U. S. S. R. by Walter Duranty
Kirkus Star

U. S. S. R.

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Oddly enough, there is no conflict here with the four recent books on Soviet Russia, but a careful resurvey of reports on each of them -- plus this report -- should give you a good overall picture of the contribution each makes. (There is Mandel's Soviet Far East -- see P. 92; Dulles' Road to Takeran -- see P. 12; Joesten's What Russia Wants -- P. 15 and Sorokin's Russia and the United States -- P. 93.) Where these books deal with the scope of the Soviet in Asia, the diplomatic history of Russia, the political progress leading to today's interrelation with her Allies -- variously and in differing degrees, Duranty has quite another purpose in his valuable addition to the shelf of books on modern Russia. For this is a contemporary history of the U.S.S.R. undertaken by one who has known her at successive steps, viewed her sympathetically and understandingly, written about her, and never feared to say where he has changed his mind or felt himself previously at fault. Here is no social study, except as he views the changing attitudes of government to the individual, to groups; here is no industrial picture such as Hindus gave us, except as he traces the shift from building for peace to building for war; here is no critical appraisal of the communistic way of life -- rather a reappraisal of what happened, with hindsight correcting his original interpretation -- or misinterpretation of incidents. There is some historical background, where necessary to show how different were the problems Revolution encountered in Russia from what Revolution would encounter elsewhere. There is a brief but telling picture of Russia and the contribution made in the last war. There is searching analysis of the Lenin-Trotsky-Stalin viewpoints, the whys of Trotsky's downfall and Stalin's rise, the compromises, divergences, acceptances of the inevitable in the pattern of a phenomenal rise during 25 years from serfdom to a modern industrial state. The political, economic social and industrial phases are made incidental to the larger comprehension of the U.S.S.R. as an entity in the modern world at war. I found it absorbingly interesting reading. Durany has a gift for simplifying and clarifying without overdoing it. A good buy.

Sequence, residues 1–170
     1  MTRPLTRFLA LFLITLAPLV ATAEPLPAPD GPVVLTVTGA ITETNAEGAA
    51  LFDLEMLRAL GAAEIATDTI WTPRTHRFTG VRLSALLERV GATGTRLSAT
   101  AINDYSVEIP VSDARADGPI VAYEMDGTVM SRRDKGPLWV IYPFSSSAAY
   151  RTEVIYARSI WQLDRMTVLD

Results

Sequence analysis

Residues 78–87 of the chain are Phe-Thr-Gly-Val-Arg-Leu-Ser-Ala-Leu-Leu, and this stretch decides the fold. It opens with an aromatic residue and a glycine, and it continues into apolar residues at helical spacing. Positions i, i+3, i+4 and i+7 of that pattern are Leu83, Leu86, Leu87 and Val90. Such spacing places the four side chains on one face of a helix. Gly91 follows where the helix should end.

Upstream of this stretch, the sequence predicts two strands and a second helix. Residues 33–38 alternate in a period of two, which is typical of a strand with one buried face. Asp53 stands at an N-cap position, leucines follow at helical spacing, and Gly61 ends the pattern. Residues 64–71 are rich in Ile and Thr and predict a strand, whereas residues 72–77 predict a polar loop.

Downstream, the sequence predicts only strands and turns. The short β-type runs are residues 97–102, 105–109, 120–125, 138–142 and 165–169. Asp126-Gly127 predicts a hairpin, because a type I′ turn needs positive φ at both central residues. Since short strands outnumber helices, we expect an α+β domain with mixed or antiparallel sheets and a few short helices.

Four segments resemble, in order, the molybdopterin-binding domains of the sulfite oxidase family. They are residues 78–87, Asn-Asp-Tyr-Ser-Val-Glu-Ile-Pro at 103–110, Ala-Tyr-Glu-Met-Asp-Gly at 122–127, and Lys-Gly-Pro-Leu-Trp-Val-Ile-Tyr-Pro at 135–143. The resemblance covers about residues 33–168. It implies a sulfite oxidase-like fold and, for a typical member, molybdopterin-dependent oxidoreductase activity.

Pub Date: March 22nd, 1944
Publisher: Lippincott